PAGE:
Field Flow Fractionation
Iffath Rizwana1, Sana Ahmed*2, M.Anitha Vani3, Syed Abdul Azeez Basha4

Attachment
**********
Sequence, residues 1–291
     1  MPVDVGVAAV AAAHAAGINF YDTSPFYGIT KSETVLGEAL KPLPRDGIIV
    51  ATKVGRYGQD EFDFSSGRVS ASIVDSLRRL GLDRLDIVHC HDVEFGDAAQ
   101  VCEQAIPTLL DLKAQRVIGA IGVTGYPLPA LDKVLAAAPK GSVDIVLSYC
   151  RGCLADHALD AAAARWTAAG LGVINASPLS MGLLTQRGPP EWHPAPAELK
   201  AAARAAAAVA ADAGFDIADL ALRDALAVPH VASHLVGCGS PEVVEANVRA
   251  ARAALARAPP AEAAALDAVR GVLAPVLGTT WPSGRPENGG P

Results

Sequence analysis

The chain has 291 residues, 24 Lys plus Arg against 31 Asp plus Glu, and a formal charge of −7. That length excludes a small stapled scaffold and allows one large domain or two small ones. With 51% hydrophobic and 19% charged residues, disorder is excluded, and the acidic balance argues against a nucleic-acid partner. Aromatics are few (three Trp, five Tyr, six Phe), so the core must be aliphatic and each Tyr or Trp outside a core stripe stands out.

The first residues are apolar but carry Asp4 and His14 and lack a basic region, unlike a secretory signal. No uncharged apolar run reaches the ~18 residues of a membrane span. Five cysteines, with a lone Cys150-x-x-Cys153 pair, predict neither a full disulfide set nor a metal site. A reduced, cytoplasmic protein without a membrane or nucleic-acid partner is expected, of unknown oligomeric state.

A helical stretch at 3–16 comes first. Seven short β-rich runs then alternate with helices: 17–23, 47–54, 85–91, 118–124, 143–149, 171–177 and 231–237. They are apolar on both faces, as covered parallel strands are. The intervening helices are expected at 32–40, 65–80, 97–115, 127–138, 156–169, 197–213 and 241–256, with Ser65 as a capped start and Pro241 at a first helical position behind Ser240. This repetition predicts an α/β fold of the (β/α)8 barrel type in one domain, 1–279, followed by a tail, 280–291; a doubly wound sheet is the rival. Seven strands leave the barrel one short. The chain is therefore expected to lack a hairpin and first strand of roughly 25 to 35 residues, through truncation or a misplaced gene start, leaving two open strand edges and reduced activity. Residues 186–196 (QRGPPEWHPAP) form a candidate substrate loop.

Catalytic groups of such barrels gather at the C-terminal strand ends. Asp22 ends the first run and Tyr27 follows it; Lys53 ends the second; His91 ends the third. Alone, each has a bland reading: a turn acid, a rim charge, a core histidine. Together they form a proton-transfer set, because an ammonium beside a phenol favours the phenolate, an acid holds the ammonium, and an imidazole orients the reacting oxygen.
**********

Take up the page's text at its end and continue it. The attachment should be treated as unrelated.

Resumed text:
Field flow fractionation (FFF) is a separation technique conceived by J. Calvin Giddings. FFF is a separation technique where a field is applied to a solution which is pumped through a long narrow channel which is perpendicular to the direction of flow in order to cause separation of particles present in the fluid, dependent on their differing mobility’s under the force exerted by field. Analytes can be separated by different mechanisms. The mode of operation determines the elution order of analytes, along with other separation characteristics such as selectivity and resolution. Three widely used modes that can be implemented in any FFF technique are normal, steric and hyperlayer modes It uses most of the ancillary equipment employed in chromatography such as injector valves, pumps for the carrier liquid delivery, detectors, and some data acquisition devices such as chart recorders or more conveniently computers. It is particularly suitable for macromolecules, colloidal and particulate materials extending from a few hundred to 10 Da.
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